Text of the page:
I stashed two of these pyramid bags from a year back for a special Friday at work. I had one last winter while student teaching to get me through a tough day, and the other today to celebrate the creeping of the cold. I am currently substitute teaching Algebra 2 for a wonderful teacher at Port Huron Northern and am greatly enjoying the students that I get to spend some time with for her maternity leave. An oil leak was prevented at the school, but the additive odor lingered in the building, so the building was ventilated for 30 minutes with everyone outside. The cold permeated into the building making the thermostats register at 62 Degrees Fahrenheit, this was a great warm comfort at lunch.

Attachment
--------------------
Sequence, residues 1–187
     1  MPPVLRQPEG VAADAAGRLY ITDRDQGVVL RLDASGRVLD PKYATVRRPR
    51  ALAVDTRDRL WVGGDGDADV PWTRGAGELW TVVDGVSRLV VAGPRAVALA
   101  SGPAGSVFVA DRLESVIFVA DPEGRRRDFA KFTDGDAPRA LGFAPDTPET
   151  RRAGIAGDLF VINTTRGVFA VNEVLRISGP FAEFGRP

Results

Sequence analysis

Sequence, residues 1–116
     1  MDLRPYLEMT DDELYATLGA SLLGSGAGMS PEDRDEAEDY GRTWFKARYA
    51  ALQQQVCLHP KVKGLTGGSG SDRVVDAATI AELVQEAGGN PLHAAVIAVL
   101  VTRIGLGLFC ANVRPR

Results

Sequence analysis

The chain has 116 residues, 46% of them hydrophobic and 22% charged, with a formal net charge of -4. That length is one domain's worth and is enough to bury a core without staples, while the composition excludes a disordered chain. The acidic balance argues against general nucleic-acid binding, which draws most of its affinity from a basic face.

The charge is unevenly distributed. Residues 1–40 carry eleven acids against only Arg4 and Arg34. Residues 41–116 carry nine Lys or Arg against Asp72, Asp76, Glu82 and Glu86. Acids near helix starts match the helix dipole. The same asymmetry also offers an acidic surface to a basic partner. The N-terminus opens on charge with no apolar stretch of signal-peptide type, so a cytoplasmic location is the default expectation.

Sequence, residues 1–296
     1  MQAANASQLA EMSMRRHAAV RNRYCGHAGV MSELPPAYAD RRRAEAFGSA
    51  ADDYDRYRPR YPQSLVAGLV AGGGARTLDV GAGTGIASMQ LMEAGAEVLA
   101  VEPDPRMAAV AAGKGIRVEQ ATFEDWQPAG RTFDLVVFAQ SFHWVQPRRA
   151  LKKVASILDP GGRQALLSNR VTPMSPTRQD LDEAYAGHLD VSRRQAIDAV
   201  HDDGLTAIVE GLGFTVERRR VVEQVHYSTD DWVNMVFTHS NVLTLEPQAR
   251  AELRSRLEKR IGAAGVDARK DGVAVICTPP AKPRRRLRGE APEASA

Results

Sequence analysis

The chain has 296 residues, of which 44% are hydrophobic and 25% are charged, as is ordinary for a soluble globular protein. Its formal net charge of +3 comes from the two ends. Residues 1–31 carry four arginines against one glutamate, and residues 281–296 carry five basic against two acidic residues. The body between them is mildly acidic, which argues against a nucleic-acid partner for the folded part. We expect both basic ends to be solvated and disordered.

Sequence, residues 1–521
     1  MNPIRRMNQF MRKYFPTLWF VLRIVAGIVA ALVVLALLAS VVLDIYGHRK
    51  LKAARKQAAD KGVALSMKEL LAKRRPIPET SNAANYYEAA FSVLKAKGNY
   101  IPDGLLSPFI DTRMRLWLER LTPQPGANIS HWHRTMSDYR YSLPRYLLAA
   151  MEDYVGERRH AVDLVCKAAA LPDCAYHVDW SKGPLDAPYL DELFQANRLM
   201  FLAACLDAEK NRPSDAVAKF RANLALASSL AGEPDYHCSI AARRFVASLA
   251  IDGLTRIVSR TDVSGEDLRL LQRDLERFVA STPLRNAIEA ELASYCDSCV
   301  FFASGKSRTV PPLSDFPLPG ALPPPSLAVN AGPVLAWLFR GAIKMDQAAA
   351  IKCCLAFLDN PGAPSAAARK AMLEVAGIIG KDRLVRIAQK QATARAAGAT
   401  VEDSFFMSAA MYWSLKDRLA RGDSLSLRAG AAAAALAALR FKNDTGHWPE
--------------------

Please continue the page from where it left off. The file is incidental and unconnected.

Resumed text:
This blend is not too atypical of say a Lady Grey, but it is in how the ingredients were blended. The rose blossoms occupied the majority of the back and there were less black tea leaves than the usual blend, but since they were Zealong leaves styled like Tawainese Shan Cha blacks, they were strong enough to color the tea and provide a viscous body. Now, I’ve had the base on its own before, and it is a naturally fruity tea with a bit of a floral kick amidst the usual cocoa and malt notes, so I wanted to see how it would do as a mega floral earl grey. The rose, lemon myrtle, bergamot, and tea blended very smoothly, and the lavender and rose where compliments and hints. I would not have told you that I tasted mint the first time I had it, but after knowing about it, it is in the very finish of the tea making it more refreshing than tannic.
This tea can become a little bitter from overbrewing, but it is otherwise very steady and can handle long steeps with a high water volume. It does take sugar and or cream and sugar extremely well, but it is all the more tranquil on its own and better brewed at least 3 times over. My only criticism: it’s too fricikin’ expensive.